The government's failure to secure the release of the last British resident in Guantanamo is in breach of both the Magna Carta and the Act of Habeas Corpus, campaigners have declared.
As Parliament resumes today the Save Shaker Aamer Campaign (SSAC) will stage a protest demanding justice for the former Battersea resident who has spent 10 years in US detention without charge or trial.
Campaigners will wear orange boiler suits, black hoods and chains to symbolise the uniform of Guantanamo detainees and will display the text of Articles 39 and 40 of the Magna Carta, which was signed 800 years ago this week, and habeas - the foundation stones of British justice.
Article 39 states: "No free man shall be seized or imprisoned, or stripped of his rights or possessions, or outlawed or exiled or deprived of his standing in any way nor will we proceed with force against him, or send others to do so, except by the lawful judgement of his equals or by the law of the land." Article 40 adds: "To no-one will we sell, to no-one deny or delay right or justice."
Habeas corpus, the requirement to bring a prisoner before a court, is an integral part of the British justice system.
Mr Aamer, a Saudi national with British residency, was renditioned to Guantamo, via Bagram, in 2001 with the alleged complicity of the British security services.
It is alleged that he has suffered horrific abuse and torture and spent long periods in solitary confinement. His lawyers say that his physical and mental health have suffered as a result, leading to fears that he may die if not freed soon.
The government has repeatedly claimed that it is doing all it can to secure Aamer's release but the SSAC have said that in recent correspondence the Foreign and Commonwealth Office "we have been told that, as Mr Aamer is a national of Saudi Arabia, 'the US government has advised that we are unable to conduct consular visits to non-British nationals within the Guantanamo detention facility.'"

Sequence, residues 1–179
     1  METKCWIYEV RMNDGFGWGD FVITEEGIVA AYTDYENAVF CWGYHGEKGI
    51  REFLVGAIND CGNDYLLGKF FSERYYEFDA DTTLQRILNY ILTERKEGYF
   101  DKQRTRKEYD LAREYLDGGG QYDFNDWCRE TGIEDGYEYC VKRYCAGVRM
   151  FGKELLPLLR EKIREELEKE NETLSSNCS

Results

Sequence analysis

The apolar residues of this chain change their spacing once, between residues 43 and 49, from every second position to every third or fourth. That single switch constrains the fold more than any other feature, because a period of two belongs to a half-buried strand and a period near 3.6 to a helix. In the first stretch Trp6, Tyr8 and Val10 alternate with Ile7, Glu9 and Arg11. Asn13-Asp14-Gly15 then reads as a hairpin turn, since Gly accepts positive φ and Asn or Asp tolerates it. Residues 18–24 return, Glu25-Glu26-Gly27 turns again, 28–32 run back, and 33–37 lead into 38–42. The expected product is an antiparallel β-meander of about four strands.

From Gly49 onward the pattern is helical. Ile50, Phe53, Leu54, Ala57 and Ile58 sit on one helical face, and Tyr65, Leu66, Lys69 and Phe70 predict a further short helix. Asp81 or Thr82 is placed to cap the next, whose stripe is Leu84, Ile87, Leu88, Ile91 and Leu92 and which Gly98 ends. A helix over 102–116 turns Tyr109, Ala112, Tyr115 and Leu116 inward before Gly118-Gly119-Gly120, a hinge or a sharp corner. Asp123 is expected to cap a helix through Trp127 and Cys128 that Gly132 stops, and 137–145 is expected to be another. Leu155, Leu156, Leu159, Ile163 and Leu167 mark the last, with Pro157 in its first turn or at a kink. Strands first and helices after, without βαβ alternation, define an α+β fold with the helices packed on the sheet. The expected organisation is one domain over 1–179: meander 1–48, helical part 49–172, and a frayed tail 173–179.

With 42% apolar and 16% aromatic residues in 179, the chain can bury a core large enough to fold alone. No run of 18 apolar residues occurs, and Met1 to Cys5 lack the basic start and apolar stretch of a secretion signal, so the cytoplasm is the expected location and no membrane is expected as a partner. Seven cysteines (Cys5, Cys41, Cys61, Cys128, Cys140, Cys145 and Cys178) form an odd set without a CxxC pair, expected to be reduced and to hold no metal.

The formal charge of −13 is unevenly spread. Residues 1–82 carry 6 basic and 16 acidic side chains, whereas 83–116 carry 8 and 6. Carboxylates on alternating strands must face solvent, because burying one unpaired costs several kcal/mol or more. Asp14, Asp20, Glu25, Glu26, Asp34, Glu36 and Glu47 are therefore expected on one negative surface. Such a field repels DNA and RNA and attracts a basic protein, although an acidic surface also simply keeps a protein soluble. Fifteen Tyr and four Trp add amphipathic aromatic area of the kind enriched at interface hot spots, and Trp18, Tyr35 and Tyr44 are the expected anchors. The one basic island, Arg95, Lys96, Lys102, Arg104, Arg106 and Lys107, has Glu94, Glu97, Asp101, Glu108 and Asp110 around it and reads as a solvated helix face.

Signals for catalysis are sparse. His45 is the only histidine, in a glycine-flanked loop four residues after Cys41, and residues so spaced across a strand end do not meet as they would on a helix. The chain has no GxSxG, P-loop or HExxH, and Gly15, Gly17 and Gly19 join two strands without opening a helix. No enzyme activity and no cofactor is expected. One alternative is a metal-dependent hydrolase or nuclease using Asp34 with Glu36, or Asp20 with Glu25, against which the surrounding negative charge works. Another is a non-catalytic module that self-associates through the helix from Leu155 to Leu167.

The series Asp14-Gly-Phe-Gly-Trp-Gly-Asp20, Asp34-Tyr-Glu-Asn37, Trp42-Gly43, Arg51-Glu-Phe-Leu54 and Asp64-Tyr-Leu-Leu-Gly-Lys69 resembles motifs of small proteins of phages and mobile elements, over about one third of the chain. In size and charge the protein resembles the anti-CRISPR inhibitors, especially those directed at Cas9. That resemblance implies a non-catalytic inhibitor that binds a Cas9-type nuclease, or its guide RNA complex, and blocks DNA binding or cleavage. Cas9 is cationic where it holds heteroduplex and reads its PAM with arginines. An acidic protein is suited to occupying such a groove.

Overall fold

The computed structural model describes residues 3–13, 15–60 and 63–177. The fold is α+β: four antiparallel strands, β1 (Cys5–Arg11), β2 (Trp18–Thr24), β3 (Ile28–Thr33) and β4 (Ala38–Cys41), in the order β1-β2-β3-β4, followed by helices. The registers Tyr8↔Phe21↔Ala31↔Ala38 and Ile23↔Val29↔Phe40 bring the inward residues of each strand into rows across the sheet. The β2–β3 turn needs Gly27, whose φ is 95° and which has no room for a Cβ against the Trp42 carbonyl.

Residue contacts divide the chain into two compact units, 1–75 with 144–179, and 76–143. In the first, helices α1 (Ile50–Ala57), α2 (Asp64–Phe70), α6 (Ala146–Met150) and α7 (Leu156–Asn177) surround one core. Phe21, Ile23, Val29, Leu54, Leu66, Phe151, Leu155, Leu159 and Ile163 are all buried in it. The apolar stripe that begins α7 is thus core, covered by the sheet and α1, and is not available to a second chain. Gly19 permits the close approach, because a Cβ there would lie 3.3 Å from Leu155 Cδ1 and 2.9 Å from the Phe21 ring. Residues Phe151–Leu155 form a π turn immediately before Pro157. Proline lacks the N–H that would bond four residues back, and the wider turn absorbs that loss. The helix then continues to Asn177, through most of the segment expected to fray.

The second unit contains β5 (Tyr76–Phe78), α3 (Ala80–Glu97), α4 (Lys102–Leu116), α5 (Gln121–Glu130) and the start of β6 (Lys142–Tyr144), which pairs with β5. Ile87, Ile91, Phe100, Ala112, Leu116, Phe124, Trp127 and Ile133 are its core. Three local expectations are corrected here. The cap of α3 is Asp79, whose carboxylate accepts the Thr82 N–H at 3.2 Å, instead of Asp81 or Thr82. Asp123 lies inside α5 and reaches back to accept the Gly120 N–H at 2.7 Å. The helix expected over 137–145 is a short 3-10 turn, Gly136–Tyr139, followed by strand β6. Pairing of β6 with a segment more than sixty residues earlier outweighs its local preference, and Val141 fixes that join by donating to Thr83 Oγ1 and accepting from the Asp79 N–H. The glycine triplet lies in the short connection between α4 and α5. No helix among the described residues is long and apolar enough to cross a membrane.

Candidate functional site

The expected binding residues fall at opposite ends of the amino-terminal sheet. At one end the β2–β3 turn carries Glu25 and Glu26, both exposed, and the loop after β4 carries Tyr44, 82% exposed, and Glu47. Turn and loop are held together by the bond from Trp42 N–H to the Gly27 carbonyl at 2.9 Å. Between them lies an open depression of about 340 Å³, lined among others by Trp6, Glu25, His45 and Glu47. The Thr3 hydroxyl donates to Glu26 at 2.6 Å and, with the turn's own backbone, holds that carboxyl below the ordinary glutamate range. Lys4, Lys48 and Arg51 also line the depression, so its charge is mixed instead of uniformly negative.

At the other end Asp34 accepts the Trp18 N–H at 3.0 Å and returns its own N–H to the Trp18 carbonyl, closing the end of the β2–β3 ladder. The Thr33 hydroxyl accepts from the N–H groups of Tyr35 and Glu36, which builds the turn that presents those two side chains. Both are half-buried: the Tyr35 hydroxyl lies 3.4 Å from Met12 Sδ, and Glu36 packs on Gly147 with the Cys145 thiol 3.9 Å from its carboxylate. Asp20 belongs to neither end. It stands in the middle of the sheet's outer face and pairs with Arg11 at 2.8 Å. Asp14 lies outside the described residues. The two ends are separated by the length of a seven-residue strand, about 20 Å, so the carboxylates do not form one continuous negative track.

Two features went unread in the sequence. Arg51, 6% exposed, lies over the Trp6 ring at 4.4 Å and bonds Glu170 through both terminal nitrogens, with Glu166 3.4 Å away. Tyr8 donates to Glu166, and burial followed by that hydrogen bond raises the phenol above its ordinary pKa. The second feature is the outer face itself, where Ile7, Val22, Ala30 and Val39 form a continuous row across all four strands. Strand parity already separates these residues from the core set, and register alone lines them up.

In an open letter to David Cameron, Ray Silk of SSAC called on the Prime Minister to demand Mr Aamer's release.
"Shaker Aamer has been denied even the basic right of habeas corpus which is fundamental to both UK and US common law. Habeas corpus is universally recognised as protection against the injustice of indefinite detention without charge," he writes.
"English common law has also been based on Magna Carta - signed at Runneymede nearly 800 ago this week. We call on you to act in accordance with Articles 39 and 40 and stand up for justice for Shaker Aamer.
"Shaker is a British resident and Shaker's wife and children are British citizens, whose rights to family life are established in common and international law."
The protest will take place today from 1.00pm to 3.30pm opposite the Houses of Parliament.
If you appreciated this article then please consider donating to the Morning Star's Fighting Fund to ensure we can keep developing your paper.
Nothing will bring back the hundreds of British soldiers killed fighting in Iraq at Tony Blair's behest.
Under a modicum of scrutiny the PM's international 'achievements' quickly unravel
The Con-Dems have had it their way too long. We have to turn this country around